In an exclusive interview with BookBrowse, Louise Dean talks about herself and her three books, Becoming Strangers, This Human Season and the book that she's currently working on; and offers pithy but inspiring advice to aspiring authors.
A lot of first fiction tends to be autobiographical to some extent, but
considering that you wrote Becoming Strangers in your early 30s and the
lead protagonists are two couples in their 50s and 80s, it's reasonably safe to
assume that it's not! Did you have a particular motive for writing it?
After a sadly failed early marriage, I suppose I needed to say "down with love", and "friendship is good". That"s simplistic though. Away from home, in the US, and unable, due to the INS, to go home to see my family for some years, my grandparents died. I loved them dearly and it grieved me to miss their last years (they had a major hand in raising me, I was their only grandchild). I brought them back to life in this book. When I started to write seriously, aged 26, a friend said to me "Write what you need". It was good advice.
Reading the dialogue and thoughts of your various characters, it's as if you've somehow got inside their own skins and are really seeing the world through their eyes. How do you manage this?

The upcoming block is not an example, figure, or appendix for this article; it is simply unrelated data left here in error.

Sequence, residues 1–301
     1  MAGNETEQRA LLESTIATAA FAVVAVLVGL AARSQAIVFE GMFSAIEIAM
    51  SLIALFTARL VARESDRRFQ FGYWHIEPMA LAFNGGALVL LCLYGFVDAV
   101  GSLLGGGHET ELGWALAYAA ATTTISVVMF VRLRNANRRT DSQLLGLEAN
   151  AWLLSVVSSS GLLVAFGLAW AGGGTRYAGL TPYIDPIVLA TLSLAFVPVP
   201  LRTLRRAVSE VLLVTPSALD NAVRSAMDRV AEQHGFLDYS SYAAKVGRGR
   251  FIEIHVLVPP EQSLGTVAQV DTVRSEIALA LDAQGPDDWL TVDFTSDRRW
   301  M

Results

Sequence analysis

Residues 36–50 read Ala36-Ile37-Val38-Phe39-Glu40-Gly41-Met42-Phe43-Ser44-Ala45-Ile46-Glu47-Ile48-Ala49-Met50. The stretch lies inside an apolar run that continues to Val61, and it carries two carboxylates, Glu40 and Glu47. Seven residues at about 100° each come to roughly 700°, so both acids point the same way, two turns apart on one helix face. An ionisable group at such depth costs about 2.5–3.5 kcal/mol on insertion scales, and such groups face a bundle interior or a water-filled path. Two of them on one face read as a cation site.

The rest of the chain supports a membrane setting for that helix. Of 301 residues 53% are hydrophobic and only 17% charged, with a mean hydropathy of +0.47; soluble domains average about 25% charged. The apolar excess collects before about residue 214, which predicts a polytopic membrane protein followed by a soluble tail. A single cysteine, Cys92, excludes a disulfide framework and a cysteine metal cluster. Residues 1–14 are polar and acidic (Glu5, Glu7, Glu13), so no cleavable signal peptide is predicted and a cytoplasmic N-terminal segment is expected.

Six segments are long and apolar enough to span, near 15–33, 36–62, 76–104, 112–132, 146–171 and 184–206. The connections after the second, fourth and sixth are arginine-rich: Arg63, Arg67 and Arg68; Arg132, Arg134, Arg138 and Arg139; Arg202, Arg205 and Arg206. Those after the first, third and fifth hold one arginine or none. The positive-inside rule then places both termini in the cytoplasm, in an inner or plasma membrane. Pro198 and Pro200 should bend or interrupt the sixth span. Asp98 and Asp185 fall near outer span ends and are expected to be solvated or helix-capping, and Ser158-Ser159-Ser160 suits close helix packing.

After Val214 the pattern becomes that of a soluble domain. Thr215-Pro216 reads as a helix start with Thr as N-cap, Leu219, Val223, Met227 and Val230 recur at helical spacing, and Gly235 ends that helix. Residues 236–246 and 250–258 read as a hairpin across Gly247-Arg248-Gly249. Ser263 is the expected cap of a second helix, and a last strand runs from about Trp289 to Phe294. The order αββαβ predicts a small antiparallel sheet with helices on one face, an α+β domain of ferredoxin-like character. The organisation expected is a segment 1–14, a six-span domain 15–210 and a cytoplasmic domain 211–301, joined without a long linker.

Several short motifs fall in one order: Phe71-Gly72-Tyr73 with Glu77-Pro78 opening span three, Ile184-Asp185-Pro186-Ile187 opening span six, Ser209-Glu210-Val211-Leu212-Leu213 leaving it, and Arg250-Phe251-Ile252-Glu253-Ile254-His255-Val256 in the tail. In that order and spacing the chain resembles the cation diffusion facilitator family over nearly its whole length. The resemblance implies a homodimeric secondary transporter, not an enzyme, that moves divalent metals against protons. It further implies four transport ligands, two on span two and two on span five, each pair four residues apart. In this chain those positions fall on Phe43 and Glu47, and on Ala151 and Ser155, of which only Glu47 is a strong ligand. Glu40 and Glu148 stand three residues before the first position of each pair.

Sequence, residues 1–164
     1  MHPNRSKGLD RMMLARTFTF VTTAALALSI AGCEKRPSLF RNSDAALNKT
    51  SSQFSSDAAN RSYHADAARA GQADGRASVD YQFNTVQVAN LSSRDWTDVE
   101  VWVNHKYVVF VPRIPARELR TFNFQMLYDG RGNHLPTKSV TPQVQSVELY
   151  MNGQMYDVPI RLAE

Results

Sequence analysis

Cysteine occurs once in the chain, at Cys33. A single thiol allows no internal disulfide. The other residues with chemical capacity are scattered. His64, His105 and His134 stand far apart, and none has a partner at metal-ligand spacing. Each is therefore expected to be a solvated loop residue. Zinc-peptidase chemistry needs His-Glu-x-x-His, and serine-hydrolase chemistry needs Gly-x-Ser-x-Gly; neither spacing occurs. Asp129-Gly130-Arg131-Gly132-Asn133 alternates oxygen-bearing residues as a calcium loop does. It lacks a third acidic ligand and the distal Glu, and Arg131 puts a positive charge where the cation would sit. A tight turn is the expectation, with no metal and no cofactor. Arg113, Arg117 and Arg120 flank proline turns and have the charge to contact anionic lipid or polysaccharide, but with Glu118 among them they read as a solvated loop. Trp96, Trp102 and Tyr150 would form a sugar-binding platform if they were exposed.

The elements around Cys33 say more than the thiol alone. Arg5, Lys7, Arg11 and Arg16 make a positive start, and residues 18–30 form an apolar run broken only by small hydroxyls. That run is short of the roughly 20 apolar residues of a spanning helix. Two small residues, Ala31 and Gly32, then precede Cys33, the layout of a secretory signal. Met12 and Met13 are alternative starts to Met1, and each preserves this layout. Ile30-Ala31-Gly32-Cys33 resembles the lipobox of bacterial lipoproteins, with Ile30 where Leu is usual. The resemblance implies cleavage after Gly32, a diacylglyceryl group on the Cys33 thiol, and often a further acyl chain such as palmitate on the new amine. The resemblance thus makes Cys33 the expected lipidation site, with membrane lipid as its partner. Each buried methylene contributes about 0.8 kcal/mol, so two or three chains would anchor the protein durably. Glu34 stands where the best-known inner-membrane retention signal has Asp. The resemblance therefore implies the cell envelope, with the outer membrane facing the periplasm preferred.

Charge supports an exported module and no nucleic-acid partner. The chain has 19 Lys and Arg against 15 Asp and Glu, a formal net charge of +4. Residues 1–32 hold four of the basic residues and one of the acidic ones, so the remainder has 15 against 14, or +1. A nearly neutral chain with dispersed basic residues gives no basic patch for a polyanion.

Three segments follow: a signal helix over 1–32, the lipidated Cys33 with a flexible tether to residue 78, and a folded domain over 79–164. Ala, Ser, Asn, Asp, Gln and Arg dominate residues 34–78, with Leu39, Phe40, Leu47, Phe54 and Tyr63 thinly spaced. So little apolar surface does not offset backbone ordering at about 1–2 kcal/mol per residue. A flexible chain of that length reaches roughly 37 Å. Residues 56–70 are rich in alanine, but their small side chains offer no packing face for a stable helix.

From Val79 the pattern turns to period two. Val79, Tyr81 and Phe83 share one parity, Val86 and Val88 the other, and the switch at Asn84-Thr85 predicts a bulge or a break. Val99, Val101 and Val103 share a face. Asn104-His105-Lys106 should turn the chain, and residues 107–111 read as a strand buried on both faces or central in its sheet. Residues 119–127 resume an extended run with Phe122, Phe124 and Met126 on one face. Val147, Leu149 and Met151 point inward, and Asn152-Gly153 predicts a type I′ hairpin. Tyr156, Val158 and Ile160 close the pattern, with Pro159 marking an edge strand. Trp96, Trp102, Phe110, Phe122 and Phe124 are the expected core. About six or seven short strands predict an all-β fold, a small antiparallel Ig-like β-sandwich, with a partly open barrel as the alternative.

Love. Sorrow. Guilt. A sense of your own stupidity.
You portray the clique of Americans in Becoming Strangers as particularly shallow and, frankly, not very likeable. Is that your impression of all Americans?
No. I have quite a relationship with America. I fell in love with the idea of it on my first visit aged 16. (My first love was an All-American boy from Westchester). I married a Texan when I was 25 and moved to New York. I left the US when Bush became king after the Twin Towers fell. His ideas of "good" and "evil" worried me. I watched the second tower fall in front of me. I had no idea how much 9/11 affected me until last night, I saw it again and for the first time since, wept. Back then, my neighbors and I stood on our stoops in silence. I loved New York and its brave diverse people who handled the tragedy with such decency.
I felt that George Bush was a disaster for the American people and their place in the world. I'll admit too I was sore with the bureaucracy of the INS who having lost my paperwork lost 3 times, obliged me to remain inside the country for 6 years without leave to see my family or else lose my right to remain. I had a son, born in the US, and was short on choices. It seemed to me back then part and parcel of the same posture vis a vis the world that has been encapsulated in the ghastly shape of Guantanamo. Do I think G't'mo is representative of the American people? NO! I think Bush's coterie is wiping its ass with the Star Spangled Banner....